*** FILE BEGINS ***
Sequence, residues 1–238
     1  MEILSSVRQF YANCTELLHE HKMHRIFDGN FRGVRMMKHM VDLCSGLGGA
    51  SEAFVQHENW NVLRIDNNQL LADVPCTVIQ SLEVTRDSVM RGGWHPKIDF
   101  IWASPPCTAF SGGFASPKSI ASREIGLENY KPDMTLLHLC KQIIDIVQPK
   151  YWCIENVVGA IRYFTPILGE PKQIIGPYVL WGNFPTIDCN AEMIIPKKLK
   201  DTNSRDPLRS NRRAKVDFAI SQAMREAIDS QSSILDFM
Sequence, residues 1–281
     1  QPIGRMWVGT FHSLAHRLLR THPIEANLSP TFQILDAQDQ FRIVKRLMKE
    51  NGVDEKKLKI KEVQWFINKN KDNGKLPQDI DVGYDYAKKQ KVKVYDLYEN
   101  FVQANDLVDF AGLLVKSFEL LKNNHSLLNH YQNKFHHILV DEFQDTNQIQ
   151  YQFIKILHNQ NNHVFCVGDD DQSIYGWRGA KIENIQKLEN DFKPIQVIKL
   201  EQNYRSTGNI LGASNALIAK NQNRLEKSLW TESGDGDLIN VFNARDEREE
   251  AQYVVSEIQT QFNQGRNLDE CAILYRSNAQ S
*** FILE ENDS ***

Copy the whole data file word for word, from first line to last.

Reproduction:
Sequence, residues 1–238
     1  MEILSSVRQF YANCTELLHE HKMHRIFDGN FRGVRMMKHM VDLCSGLGGA
    51  SEAFVQHENW NVLRIDNNQL LADVPCTVIQ SLEVTRDSVM RGGWHPKIDF
   101  IWASPPCTAF SGGFASPKSI ASREIGLENY KPDMTLLHLC KQIIDIVQPK
   151  YWCIENVVGA IRYFTPILGE PKQIIGPYVL WGNFPTIDCN AEMIIPKKLK
   201  DTNSRDPLRS NRRAKVDFAI SQAMREAIDS QSSILDFM
Sequence, residues 1–281
     1  QPIGRMWVGT FHSLAHRLLR THPIEANLSP TFQILDAQDQ FRIVKRLMKE
    51  NGVDEKKLKI KEVQWFINKN KDNGKLPQDI DVGYDYAKKQ KVKVYDLYEN
   101  FVQANDLVDF AGLLVKSFEL LKNNHSLLNH YQNKFHHILV DEFQDTNQIQ
   151  YQFIKILHNQ NNHVFCVGDD DQSIYGWRGA KIENIQKLEN DFKPIQVIKL
   201  EQNYRSTGNI LGASNALIAK NQNRLEKSLW TESGDGDLIN VFNARDEREE
   251  AQYVVSEIQT QFNQGRNLDE CAILYRSNAQ S